But my fury at the waiting in line will be nothing compared to my anger at not having a lineup at all.

The TD Bank at 1979 Weston Road will close and move to the Crossroads Plaza by this time next year, according to residents. (TD has not yet returned my calls.) This is the latest in a series of closures that are turning downtown Weston into a banking desert: the RBC and TD banks on Jane have closed, as did the Scotiabank at Weston and Lawrence. In two years, we will have gone from six branches (and four banks) to two. Only RBC on and BMO, both on Weston Road, remain.

While the big banks have been moving on, money-lenders and high-fee cheque-cashing businesses have been moving in. There are at least 10 payday loan or cheque-cashing places in Weston. Something is wrong with a community when there are more usurers than ice-cream shops.

I’m not usually the sort of guy who says that the government should meddle in business, but in this case, I think they should. Banks are not meeting their social obligations, and the government has a strong moral reason to regulate minimum levels of service—and the muscle to do so.

Being banked is a critical part of being a citizen; even the government pays by cheque and prefers direct deposit. (You can’t collect Ontario Works, for instance, in cash.) Allowing banks to close forces people into the hands of cheque-cashers, who charge about $3, +3% of the value of the cheque: a whopping $33 on a $1000 payday.

Worse, the people who will pay are those least able to: the poor, less-literate, and less mobile. Being gouged by MoneyMart makes a lot more sense when you’re faced with a 90-minute walk or a $6.50 fare and a snowy hour waiting for buses.

And then there are the knock-on, long-term effects. To open an RESP, get financial advice, or save in a TFSA, you need to have a branch. None of it can be done online. Pulling out banks means pushing people to the financial margins, and that will make our community poorer in the long run. You need to be close to a banker to pull ahead.

Of course some of us—those with cars, $100 cellphone plans, and the wherewithal to direct-deposit our infrequent cheques by photograph—we will all be fine. After all, I didn’t know people still use passbooks because I hadn’t stood in line for years.

But you can’t both curse a bank’s Friday lineup and say we don’t need it.

Mount Dennis CIBC Banking Centre to close

The Mount Dennis CIBC Banking Centre

According to the CIBC website, the CIBC Banking Centre at 1174 Weston Road will close on Friday, October 20, 2017 at 1:00pm and merge with the Keele and Saint Clair Banking Centre 3 km away. Despite big banks’ record profits, there is an ongoing trend to close and consolidate branches. Weston’s Scotiabank branch closed last year.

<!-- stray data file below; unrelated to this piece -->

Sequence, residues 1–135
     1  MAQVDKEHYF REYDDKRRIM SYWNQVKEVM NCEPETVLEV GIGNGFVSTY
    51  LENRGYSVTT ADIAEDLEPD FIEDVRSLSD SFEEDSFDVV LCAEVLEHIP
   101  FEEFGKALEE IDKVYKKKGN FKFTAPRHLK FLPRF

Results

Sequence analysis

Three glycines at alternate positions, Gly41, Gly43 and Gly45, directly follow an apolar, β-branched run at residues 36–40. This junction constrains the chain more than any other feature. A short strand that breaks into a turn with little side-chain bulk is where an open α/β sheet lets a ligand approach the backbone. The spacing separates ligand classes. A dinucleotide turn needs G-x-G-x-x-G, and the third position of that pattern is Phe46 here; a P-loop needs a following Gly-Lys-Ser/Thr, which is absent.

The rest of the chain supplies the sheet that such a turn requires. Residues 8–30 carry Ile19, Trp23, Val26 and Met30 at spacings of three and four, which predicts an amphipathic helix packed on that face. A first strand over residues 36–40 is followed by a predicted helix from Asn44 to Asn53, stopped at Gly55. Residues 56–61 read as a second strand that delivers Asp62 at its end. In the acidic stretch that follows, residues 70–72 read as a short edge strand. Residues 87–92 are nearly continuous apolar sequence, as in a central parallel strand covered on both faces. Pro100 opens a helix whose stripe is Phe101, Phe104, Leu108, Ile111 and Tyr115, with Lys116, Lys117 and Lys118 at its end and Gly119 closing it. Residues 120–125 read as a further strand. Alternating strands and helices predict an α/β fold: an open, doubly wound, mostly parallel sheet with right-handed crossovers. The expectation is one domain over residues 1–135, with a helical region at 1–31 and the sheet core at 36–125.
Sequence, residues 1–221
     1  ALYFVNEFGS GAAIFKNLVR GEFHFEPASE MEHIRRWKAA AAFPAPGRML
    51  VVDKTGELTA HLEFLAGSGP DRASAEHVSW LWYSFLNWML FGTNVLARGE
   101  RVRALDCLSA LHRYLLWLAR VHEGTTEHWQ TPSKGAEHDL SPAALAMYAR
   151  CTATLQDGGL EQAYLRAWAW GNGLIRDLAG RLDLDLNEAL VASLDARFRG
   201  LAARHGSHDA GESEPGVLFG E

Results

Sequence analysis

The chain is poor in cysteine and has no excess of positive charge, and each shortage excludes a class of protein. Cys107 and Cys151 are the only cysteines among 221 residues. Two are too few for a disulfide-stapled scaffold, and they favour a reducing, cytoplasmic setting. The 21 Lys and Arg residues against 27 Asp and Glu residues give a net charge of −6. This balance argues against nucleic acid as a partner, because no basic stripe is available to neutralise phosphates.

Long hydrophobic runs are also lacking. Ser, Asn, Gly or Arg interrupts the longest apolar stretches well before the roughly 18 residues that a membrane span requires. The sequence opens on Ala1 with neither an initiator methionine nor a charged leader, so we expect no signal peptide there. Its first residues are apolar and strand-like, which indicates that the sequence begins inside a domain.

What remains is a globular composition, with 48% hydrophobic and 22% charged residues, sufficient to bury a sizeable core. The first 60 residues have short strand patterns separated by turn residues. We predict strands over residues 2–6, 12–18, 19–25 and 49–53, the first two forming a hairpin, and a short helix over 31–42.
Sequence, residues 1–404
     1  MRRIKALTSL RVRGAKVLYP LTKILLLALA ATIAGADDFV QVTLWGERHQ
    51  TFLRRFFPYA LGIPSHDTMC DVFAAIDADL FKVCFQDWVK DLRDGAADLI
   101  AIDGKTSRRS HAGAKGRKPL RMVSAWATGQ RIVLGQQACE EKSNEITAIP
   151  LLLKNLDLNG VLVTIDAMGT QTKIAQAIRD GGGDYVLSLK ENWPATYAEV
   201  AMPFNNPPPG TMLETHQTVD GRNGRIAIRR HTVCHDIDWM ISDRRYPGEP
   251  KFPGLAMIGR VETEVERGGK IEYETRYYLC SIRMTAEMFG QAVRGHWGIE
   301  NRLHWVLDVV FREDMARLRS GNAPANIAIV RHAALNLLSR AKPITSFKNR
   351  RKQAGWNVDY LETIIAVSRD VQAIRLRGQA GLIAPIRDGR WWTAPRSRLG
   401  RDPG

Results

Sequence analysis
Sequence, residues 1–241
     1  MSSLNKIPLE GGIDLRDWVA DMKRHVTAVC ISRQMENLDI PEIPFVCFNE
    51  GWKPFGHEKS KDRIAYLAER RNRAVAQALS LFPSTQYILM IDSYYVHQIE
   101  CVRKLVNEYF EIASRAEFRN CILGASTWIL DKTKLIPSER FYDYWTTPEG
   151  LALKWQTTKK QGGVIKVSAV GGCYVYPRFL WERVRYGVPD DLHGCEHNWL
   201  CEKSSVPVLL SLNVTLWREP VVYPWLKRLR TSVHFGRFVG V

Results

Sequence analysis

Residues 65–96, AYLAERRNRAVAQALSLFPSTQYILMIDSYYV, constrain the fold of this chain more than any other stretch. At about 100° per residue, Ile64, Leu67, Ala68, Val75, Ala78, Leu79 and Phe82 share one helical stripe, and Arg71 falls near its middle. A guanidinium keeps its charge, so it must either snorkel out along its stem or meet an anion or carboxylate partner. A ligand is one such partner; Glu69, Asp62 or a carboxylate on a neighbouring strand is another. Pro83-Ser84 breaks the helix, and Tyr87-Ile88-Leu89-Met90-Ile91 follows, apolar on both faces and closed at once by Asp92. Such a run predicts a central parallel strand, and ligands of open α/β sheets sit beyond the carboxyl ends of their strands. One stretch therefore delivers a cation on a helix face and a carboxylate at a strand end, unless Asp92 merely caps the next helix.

Who will be affected most by this? People in the neighbourhood who walk to the branch or even worse, those who are uncomfortable with or cannot afford computers; namely the poor and the elderly.

One wonders, if payday loan companies can afford to have branches on every corner, why can’t the big banks?

CIBC would like you to move your banking to here.

Banks know that customers are loath to change from one bank to another and feel that cutting service (and jobs) is better for business than serving people where they live.

Mount Dennis CIBC customers may wish to move their business elsewhere. Credit unions are noted for their customer service and would be happy to welcome new clients. If you have to use the car anyway…

Ontario Government lets payday lenders off the hook

From Richmond Times Dispatch.
From Richmond Times Dispatch.

After dragging its heels for months, the Ontario Government has finally acted on a promise to do something about the huge rates charged by the payday loan industry in this province. As readers in Weston / Mount Dennis are painfully aware, these stores have proliferated in our communities and prey mainly on the poor, charging as much as 21% for a two-week loan; an eye-watering annual rate of 14,299%.

All of this was made possible in 2006 by the lovely Vic Toews, then Minister of Justice and Attorney General of the late lamented Conservative government. His bill made it legal for companies to charge more than (the then) usurious rate of 60% annually by giving provinces the power to regulate their own loan rates. Ontario opened the flood gates in 2008 and the payday loan industry hasn’t looked back.

The provincial Liberal government, instead of taking leadership, has listened to the Payday Loan lobby and rather than lowering rates drastically, they have decided to take the line of least resistance. They are quietly proposing that as of January 2017, rates for a two-week loan drop to 18% and then in January 2018, rates will become 15%, matching those of Alberta. While this is a good start, there is nothing in the legislation that addresses the dire plight of people forced to borrow at such appalling rates. 15% may sound better, but it is still 3,724% compounded annually.

Here is John Oliver’s take on Payday Loans.

Does Ontario have to go this route? Quite simply, no.

Quebec has taken the lead and they cap annual loan rates at 35%. As a result, there are no payday loan companies in that province.

That is the example that Ontario needs to follow and would help poor in our province dig their way out of poverty. In addition, some pressure on our hugely profitable banks and credit unions to provide loans to the poor would not go amiss.

If readers would like to comment on the proposed changes to the act, the Ontario Government isn’t making things easy. The contact page is here and a written submission may be sent via email or snail mail.

MPP Laura Albanese’s contact information is here and her constituency phone number is 416-243-7984.